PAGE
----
I upgraded to Windows 10 because I was having many issues with my previous system. We suspect a bug must have deleted some essential files. And now my computer runs much better. What I’m trying to say is that it isn’t all bad like we read. Taking risks is worth it. I’m a big fan of risks and failure. I risked everything and moved to Poland, a country many people want to leave. I now know I can live anywhere. Great post!

    Liked by 2 people

  6. Ali Isaac says:

    I’d leave that last one in the ‘not ever’ pile, if I were you, Geoff! 😊 A very contemplative post today…

    Like

  7. Charli Mills says:

    Interesting thoughts. Sometimes I think Americans are too “happy” to just be comfortable and not risk that happiness on failure to find something deeper than a home in the suburbs and a miserable job with the health or insurance industry. I do admire entrepreneurs who can balance that pioneering spirit with treating people well and serving others. I like the “not yet” idea that Norah brought to light from education because it sounds determined to not let failure be an end result. I’ve lost my way in writing since the beginning of the year for various excuses and perceived failures. I have to remind myself that often failure is a perception. I’m learning to say, not yet. Then today I read this article and it really validated the pursuit of writing for me — it’s not a pursuit of happiness (success); it’s the pursuit of meaning. Take a read: http://www.businessinsider.com/a-lesson-about-happiness-from-a-holocaust-survivor-2014-10

    Liked by 4 people

  8. julitownsend says:

    I love this post.
    I can look back on my life and see a series of incidents where I let fear govern how I responded to a situation, and now I regret those choices. As a result, whenever I feel fear stopping me from doing what I think is right now, I do it anyway, and so far I’ve been pleased with the results.
    After an initial hesitation, I downloaded Windows 10… and if I’d read this post in the first three days after the download, I would have screamed, ‘don’t do it’… but on day four, I tried restarting my computer and everything magically came good. I now like Windows 10. I suspect it hadn’t downloaded completely to begin with for some reason.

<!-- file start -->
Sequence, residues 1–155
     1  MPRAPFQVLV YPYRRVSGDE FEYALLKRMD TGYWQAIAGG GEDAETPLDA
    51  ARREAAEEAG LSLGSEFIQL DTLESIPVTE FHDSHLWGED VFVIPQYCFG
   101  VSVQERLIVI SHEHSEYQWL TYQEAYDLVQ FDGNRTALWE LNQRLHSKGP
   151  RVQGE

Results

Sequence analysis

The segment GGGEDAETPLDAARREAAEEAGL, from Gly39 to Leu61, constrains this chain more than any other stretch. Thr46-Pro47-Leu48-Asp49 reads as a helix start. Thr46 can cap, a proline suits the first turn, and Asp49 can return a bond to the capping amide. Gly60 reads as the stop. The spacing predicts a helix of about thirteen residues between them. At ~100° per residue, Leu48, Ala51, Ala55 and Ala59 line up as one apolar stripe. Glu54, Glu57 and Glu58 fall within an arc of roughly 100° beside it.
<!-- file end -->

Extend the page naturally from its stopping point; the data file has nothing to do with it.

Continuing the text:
My advice – fight the fear, do the download, but don’t hurry it. Good luck.

    Liked by 2 people

  9. Interesting post. I think we put way too much pressure on ourselves. What is success after all? It’s different for everybody. To try, to take that step, is an achievement in itself – even if we don’t meet our own high standards πŸ˜€

    Liked by 2 people

  10. Reblogged this on graemecummingdotnet and commented:
    For some strange reason, I’ve found myself reading stuff from Geoff on three different blog sites this morning (and I’ve only read three posts). As ever, all were entertaining, but this one seemed to fit right in with some of the “life lesson” posts I’ve included in my site over the last couple of years. In fact, as Sue remarked in the comments, it reminds me of Edison. So, when you’ve finished reading Geoff’s post, you might be interested in this old one of mine on a similar theme…

    http://graemecumming.net/2013/01/23/learning-from-edison/

    Liked by 2 people

  11. Norah says:

    Hi Geoff. Thanks for the mention and the link. I’m pleased the ‘not yet’ philosophy appeals to you as much as it does to me. The different perspectives of different ages is interesting, particularly when you know that each day more brings less. The fear of clicking the wrong button or following the wrong link I think is probably attributable to level of experience as much as to age. I think when we started in computers there was more chance of deleting something and it being lost forever. Now nothing is irretrievable. Nothing can be erased. That is the scary bit!

    Liked by 1 person

    • TanGental says:

      I was a at a talk by the author Sebastian Faulks who told he was in discussion about passing his archive to the British Library. ‘I don’t have any of the drafts’ he says. ‘Don’t worry,’ they reply, ‘ give us your computers and we will retrieve them all’. Scary indeed.

      Liked by 1 person

  12. Autism Mom says:

    I don’t really buy into the “British fear of failing” theory – a people cannot accomplish what Britain has regularly accomplished over the last 1000 years by being afraid to take risks.

    Liked by 1 person

  13. Sacha Black says:

    Interesting… Yet most of the people I know in blogland are… Ahem… Older than me… So maybe it’s an assumed fear of failure, because from where I’m sat y’all are all smashing it….

    Liked by 1 person

  14. Sacha Black says:

    Interesting and yet most of the people I know in blogland are… Ahem… Older than me… So from where I’m sat, y’all are smashing it! Maybe it’s just a assumed perception of fear ?

    Liked by 1 person

  15. Loved this – I know so many people who accept average because of the fear of failure…

    Like